I recently made my first exploratory college visit with my high school aged son. My initial reaction during the tour of this elite liberal arts college was the same as my visit to an Israeli army post a few years ago: “God help us! We’re screwed if our future is entirely dependent on the success of these highly-libidinal teens and twenty-somethings.” The truth is, I loved the small campus, the 1:10 ratio of professors to students, as well as the personalized study programs that they offered. For almost $50K per year my kid would get access to great professors, small class sizes, incredible opportunities for selective, character-shaping internships, plus free-massages, and, get this, puppies in the quad to relieve stress during finals week. As our sophomore Theater Arts major tour guide said, “because who doesn’t love puppies.”
It was easy to picture my kid there, thriving, making life-long friends, generally “becoming”. Sadly, the $50K/year price tag only gave me slight pause. It should have stop me dead in my tracks, but it didn’t. Why not?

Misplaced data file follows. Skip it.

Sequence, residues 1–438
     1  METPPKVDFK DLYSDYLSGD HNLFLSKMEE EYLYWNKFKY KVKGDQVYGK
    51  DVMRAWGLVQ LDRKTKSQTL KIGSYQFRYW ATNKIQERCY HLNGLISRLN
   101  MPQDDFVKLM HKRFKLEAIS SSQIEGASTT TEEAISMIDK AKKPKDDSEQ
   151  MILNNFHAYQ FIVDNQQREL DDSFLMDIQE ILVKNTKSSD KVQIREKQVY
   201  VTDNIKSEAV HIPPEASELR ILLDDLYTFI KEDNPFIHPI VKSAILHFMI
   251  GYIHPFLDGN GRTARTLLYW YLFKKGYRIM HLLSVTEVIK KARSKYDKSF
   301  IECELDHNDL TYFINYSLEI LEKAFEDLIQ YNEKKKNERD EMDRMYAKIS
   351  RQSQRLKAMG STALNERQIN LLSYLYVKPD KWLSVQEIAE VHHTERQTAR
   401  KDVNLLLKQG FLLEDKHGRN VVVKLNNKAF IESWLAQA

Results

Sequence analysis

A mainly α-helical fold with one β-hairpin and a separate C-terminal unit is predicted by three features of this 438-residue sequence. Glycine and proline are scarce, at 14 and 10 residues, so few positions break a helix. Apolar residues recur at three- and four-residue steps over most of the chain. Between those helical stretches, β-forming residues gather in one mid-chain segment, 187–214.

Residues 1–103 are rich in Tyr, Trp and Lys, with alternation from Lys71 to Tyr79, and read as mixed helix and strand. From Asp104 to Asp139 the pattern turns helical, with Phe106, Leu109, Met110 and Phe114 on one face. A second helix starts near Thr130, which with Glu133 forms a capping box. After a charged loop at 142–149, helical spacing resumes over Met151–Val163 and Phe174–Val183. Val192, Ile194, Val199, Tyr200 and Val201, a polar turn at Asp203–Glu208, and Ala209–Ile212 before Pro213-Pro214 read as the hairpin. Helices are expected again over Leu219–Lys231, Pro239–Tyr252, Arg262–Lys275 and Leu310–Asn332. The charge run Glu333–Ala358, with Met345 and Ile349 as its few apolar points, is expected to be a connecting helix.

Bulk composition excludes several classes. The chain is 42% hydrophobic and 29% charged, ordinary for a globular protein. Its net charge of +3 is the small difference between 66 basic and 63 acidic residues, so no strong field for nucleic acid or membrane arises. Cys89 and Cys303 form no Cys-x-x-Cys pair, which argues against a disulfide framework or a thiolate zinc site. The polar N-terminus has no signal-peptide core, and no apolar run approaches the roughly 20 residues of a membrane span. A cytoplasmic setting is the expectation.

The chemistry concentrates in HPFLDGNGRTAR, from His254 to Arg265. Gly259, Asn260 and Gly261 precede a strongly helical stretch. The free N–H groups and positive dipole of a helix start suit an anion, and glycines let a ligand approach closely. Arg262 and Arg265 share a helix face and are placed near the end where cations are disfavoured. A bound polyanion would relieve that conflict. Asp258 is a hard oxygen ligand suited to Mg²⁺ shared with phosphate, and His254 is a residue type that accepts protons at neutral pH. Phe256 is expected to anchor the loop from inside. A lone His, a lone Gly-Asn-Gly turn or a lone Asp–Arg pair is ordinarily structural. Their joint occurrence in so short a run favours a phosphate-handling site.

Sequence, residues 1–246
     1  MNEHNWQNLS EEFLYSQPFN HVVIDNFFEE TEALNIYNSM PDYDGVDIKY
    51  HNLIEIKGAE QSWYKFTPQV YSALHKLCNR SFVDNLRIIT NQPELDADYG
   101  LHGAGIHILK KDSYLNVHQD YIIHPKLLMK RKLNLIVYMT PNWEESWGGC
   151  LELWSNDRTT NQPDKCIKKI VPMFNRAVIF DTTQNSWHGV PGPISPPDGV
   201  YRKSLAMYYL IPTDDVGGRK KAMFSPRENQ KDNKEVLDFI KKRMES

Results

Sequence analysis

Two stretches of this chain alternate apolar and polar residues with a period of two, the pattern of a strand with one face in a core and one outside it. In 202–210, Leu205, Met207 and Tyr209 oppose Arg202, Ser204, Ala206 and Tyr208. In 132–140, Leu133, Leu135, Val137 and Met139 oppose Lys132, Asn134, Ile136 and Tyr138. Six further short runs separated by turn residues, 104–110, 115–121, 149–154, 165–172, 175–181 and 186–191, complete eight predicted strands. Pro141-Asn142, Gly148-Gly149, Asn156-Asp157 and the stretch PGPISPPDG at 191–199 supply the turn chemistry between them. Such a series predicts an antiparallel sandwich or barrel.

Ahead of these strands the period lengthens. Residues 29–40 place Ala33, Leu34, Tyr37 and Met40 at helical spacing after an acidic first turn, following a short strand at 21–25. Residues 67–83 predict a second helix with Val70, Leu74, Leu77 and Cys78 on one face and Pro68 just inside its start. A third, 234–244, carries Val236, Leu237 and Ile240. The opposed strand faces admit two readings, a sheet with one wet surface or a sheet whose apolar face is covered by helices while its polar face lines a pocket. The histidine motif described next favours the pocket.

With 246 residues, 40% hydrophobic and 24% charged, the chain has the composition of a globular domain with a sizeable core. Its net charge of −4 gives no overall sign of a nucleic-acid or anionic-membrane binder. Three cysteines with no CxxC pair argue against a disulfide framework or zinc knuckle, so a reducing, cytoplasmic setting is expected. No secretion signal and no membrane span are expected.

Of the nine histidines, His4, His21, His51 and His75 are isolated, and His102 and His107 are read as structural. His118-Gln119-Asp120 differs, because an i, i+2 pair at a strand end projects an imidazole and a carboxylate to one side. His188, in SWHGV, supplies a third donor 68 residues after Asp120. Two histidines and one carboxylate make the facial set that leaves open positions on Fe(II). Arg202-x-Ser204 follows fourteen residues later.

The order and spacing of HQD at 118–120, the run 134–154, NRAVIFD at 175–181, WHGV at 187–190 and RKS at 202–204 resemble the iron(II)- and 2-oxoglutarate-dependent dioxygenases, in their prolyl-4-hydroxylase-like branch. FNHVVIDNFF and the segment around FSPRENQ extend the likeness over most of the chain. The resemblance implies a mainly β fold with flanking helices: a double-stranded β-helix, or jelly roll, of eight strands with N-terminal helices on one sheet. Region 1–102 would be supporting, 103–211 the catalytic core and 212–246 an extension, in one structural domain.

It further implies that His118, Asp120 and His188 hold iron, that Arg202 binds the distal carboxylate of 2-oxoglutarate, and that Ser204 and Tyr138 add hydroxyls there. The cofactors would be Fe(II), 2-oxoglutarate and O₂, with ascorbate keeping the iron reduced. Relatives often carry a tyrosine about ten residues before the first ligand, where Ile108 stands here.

First, I was told by our college guidance office that “you just can’t tell what a college’s real cost will be” until you see how much scholarship and aid money they are going to give you. If they really want you, a private college tuition can sometimes even be less than a state school’s (so I’m told). So, why not apply to the schools you really want to go, and then deal with the money part latter?
Second, I’ve bought into the idea that your child doesn’t need to go to the best school she can get into, but to the college that fits her best. What’s the point of going to college if your kid will just be miserable there. Can he thrive there if he feels lost? Won’t she learn more, and live better, in the near future and even well into adulthood if she builds a strong foundation during her first foray in independence? And, how can she do that if the coursework is so overwhelming that she can hardly breath?